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Steel Framing for Elevator Shaft

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Fellow engineers,

        I would like your comments regarding the re-use of steel
elevator framing for an elevator shaft in a 1912 vintage building.

        The structure is a reinforced concrete structure four stories
plus a full basement.  The building footprint is 60' facing the street,
by 100' deep  The construction consists of one way concrete slabs
(spanning about 12') with beams (spanning from 12' to 20'); columns are
about 18" plus in dimension.  The perimeter wall is solid brick 11" plus
in thickness with a substantial amount of window openings on three
sides; the back end wall has only one man door opening, no windows.  The
storey heights (floor to ceiling) are basement, second, and third floor,
11'; main and fourth floor, 14'.  The building was originally designed
for six storeys and two elevators but the last two floors and the second
elevator were never constructed.  There are no signs whatever of any
structural distress in the building.

        The elevator (just removed this past week) was a cable supported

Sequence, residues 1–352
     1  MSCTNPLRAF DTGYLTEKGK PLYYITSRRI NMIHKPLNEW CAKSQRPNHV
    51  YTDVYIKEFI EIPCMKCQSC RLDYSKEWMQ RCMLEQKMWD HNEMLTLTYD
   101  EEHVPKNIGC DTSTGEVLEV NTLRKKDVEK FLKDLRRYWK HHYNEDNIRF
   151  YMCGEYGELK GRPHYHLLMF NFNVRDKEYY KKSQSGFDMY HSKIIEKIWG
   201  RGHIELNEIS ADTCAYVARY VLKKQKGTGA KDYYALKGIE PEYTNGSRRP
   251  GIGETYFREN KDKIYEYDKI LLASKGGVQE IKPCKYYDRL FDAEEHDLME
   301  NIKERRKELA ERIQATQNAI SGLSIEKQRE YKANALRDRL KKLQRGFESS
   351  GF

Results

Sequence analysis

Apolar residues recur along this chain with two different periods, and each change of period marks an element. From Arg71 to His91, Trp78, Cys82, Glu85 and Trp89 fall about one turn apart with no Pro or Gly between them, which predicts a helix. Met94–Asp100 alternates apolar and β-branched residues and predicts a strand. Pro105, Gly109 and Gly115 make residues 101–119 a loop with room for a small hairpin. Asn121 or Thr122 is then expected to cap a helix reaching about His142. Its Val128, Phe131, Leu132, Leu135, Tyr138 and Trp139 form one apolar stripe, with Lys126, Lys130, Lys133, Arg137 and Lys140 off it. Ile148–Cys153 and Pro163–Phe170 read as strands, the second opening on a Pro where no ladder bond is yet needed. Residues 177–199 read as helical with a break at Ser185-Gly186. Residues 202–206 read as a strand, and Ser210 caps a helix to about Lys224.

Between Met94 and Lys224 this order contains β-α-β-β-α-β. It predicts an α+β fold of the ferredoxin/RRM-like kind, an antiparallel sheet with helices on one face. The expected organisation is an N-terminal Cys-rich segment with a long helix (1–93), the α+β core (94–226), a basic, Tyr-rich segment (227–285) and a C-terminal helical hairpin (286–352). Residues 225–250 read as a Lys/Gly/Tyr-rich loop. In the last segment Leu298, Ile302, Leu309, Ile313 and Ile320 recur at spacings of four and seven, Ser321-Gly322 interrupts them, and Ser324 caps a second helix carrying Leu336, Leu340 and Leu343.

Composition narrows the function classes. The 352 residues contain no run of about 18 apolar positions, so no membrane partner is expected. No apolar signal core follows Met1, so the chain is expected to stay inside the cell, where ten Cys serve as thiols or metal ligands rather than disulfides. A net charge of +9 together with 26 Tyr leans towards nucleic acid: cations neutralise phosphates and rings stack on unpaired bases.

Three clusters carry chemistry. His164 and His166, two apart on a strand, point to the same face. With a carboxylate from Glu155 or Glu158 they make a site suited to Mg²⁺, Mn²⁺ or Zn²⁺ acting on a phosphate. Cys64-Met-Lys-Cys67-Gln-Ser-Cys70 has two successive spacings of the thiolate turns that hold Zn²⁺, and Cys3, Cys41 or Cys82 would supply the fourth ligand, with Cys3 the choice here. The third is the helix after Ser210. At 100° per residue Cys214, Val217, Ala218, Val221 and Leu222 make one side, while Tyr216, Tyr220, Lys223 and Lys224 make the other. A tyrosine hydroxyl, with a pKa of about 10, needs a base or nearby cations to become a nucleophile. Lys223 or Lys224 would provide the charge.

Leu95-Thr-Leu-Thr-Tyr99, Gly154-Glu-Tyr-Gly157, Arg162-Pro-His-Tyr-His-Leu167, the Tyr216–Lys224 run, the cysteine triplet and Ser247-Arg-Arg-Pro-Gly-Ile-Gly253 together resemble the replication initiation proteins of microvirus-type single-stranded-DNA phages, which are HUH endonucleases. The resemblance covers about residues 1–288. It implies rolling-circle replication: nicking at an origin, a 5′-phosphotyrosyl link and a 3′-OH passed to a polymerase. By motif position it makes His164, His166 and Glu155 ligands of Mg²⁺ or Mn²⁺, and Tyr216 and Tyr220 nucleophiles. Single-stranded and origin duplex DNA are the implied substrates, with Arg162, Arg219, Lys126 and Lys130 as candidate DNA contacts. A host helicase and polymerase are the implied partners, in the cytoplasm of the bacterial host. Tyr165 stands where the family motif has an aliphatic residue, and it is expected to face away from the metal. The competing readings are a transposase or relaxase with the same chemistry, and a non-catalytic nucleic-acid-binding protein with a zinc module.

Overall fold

manual operated contraption in working order (but only barely) that
occupied only one half of the elevator shaft.  The support structure for
the elevator shaft consists of four L6x6x0.375 secured at every floor
with horizontal channels in between floors.  There are also two vertical
L5x5x0.375, one back and one front, which would provide a demarcation
between the two elevators.  There is no diagonal bracing.  All of the
connections are bolted and we would continue to use bolted connections
rather than try welding to that old steel.

        There are three objections to installing a masonry shaft for the
new elevator: schedule; cost; and available dimensions of the slab
opening.  To use a masonry shaft we would either have to stop and
restart the masonry at every floor, find a way to reduce the wall
thickness to 4" (at least at the floor openings), or cut the floor
openings larger (which would involve cutting away the side of some
beams).  Reusing the existing steel addresses all of the above concerns.

        The new elevator will be hydraulically operated and will
transmit all of the vertical loading to the elevator pit floor, whereas
the existing elevator transmitted the vertical loads to the four L6x6.
The rail loading will be horizontal only, of magnitude 301 pounds, with
a deflection limit of 1/32".  I can accommodate this 1/32" deflection
limit and take care of the fire protection requirements required by the
building upgrade (with only a little squirming).

        Calgary design conditions are: wind about 85 miles per hour for
open exposure (this building is in the centre of the city); earthquake
used to be 0 increased to 1 a few years ago (compared to California this
is trivial).

        My question: do you know of any problems with reusing this
elevator supporting steel that I may not have foreseen?  I haven't seen
anyone use this type of elevator support structure on new buildings and
there may be good reasons why not.

        Thanks for any comments you may choose to make.

Regards,

H. Daryl Richardson


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